D.C. law firm Patton Boggs agreed Wednesday to pay Chevron $15 million to settle allegations that it helped cover up fraudulent evidence in an Ecuador pollution suit against the oil and gas company.
The settlement comes a week after U.S. District Judge Lewis Kaplan dismissed Patton Boggs’s claims of bad faith against Chevron but let stand counter claims alleging the law firm joined a fraud and cover-up related to a $9.5 billion pollution award by a court in Ecuador.
In addition to the $15 million payment to Chevron, Patton Boggs agreed to withdraw from representing any plaintiffs in the Ecuador case. The firm will also stop trying to enforce the award in other countries.
In February 2011, an Ecuador court held Chevron liable for pollution in the Amazon rain forest caused by Texaco before Chevron acquired it. The original verdict was about $18 billion but was later reduced to $9.5 billion.
Patton Boggs alleged in a suit that Chevron used bad faith in blocking enforcement of the Ecuador judgment.
In March, Judge Kaplan ruled that plaintiffs-lawyer Steven Donziger used bribery and fraud to win the Ecuador pollution verdict against Chevron. The judge issued an order that stopped Donziger from trying to enforce the award in the United States.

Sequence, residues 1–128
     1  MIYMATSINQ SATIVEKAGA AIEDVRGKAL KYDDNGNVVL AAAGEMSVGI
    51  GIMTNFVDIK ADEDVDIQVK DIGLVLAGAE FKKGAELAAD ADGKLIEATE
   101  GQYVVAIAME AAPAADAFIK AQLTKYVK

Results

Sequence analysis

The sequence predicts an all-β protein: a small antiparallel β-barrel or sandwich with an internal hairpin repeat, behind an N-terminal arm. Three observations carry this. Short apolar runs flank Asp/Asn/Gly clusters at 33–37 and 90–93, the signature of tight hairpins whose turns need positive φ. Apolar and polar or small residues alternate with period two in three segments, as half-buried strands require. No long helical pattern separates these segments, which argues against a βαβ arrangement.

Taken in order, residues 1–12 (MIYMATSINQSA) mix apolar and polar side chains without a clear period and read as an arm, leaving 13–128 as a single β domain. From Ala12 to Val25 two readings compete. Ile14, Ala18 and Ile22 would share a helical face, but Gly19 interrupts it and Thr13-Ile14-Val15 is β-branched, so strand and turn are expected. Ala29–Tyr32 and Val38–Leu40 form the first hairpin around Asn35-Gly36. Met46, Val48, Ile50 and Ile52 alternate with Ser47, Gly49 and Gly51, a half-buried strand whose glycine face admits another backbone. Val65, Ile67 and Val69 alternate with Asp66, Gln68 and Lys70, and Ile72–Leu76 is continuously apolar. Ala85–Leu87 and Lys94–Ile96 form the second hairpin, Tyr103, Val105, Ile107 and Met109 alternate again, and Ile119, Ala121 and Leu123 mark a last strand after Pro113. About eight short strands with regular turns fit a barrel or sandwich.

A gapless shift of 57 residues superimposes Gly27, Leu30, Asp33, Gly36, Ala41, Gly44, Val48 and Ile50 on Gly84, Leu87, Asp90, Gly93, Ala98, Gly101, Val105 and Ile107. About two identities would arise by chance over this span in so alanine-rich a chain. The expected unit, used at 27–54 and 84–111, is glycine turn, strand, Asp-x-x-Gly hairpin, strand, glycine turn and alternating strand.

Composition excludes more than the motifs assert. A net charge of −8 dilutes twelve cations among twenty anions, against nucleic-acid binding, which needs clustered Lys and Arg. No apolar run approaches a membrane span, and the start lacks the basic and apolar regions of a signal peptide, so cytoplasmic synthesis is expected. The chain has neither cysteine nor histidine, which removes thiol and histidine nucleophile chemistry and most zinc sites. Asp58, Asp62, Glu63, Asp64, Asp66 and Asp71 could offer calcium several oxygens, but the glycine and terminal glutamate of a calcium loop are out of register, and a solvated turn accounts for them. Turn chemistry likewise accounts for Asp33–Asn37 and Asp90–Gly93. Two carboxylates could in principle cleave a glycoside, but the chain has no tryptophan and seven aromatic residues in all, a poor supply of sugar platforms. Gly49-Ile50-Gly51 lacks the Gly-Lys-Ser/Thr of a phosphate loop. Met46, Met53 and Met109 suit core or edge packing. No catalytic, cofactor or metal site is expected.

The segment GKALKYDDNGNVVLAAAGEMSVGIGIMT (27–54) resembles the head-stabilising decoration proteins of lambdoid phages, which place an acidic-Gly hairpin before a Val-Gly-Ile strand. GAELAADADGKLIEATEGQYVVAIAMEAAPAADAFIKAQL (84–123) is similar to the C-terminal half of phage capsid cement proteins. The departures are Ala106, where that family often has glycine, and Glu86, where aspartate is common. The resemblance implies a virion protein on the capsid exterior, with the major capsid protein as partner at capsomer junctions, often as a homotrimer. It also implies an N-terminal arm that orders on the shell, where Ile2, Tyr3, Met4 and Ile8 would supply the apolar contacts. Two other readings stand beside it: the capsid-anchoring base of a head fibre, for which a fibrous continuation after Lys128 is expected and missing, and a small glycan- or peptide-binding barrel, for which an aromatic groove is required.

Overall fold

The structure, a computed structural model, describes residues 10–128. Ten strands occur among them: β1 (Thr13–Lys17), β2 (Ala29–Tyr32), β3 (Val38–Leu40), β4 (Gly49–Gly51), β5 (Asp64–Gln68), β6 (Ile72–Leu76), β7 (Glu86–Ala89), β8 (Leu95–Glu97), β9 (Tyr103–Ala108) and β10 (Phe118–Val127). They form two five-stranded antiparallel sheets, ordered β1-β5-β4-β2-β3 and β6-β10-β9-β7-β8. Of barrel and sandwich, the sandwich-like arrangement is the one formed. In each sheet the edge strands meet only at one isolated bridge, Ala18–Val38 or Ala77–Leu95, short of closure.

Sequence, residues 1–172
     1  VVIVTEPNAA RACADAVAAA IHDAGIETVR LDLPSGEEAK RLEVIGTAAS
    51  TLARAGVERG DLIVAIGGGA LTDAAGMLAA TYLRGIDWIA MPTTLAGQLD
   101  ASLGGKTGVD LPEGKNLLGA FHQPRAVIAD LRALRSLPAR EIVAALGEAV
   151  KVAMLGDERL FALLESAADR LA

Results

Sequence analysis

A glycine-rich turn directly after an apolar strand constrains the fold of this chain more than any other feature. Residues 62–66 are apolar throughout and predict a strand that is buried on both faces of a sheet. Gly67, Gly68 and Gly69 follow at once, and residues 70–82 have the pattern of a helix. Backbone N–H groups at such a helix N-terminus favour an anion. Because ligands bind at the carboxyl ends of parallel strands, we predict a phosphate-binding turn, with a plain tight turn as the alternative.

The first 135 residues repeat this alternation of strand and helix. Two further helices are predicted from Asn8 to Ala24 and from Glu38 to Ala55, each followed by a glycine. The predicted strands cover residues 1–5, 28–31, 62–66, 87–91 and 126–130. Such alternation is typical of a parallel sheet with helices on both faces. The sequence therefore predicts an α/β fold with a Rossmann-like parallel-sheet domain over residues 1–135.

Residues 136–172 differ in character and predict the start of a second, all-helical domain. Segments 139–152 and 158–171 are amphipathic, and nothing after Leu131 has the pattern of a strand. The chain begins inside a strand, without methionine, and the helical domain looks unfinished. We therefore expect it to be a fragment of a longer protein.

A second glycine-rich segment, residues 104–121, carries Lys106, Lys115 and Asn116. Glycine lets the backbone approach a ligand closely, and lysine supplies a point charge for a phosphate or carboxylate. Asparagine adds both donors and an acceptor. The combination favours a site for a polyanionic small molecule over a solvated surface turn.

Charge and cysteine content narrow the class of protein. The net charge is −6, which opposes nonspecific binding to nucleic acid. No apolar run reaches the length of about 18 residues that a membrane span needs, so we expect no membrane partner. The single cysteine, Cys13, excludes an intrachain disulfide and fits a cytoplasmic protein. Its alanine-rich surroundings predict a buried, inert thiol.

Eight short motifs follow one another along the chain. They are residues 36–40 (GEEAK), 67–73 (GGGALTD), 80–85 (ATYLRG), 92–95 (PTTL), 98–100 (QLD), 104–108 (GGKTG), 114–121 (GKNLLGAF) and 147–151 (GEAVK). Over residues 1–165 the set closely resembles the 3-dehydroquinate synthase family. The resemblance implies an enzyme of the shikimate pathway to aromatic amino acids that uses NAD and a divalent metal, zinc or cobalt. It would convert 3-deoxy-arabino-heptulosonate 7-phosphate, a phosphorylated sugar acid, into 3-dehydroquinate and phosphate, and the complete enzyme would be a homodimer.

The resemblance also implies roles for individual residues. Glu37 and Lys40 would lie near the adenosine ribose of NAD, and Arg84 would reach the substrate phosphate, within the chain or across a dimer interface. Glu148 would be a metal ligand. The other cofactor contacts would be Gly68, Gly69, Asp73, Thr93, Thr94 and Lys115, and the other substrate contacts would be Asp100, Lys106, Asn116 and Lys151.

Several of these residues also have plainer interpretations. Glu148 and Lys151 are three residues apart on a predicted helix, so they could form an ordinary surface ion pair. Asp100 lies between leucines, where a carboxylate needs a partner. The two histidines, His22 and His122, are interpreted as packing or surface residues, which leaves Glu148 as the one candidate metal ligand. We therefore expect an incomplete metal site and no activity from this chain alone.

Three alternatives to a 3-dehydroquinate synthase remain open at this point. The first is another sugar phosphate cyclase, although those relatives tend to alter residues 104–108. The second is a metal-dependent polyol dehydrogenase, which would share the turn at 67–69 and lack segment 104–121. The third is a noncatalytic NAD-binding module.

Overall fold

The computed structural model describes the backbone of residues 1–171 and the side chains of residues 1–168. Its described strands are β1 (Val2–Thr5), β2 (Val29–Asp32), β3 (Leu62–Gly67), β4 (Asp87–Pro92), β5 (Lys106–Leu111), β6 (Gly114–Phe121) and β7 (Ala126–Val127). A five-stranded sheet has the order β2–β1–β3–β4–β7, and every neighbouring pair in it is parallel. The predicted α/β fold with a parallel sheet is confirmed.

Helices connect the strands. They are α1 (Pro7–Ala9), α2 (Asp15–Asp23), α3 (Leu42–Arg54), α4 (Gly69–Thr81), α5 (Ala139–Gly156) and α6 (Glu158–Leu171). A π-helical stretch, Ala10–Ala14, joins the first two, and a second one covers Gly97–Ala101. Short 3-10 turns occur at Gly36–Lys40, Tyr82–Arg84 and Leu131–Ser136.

Patton Boggs began working with Donziger a few years ago to collect the Ecuador judgment against Chevron.
But Chevron accused Patton Boggs of joining in Donziger’s fraud and deceit.
When Judge Kaplan dismissed all of Patton Boggs’s claims against Chevron last Tuesday, he cleared the way for the oil company to move ahead with a trial against the law firm.
In a statement from Chevron Wednesday, Hewitt Pate, Chevron’s vice president and general counsel said: “We are pleased that Patton Boggs is ending its association with the fraudulent and extortionate Ecuador litigation scheme. Chevron detailed its objections to Patton Boggs’ conduct in its counterclaim, and today’s agreement brings that litigation to an end.”
Julie DiMauro is the executive editor of the FCPA Blog and can be reached here.
So was Patton Boggs acting in its lobbying or law firm capacity in this matter? And who was it representing? I can't tell from the story. Who were the plaintiffs in the pollution case? Thanks.
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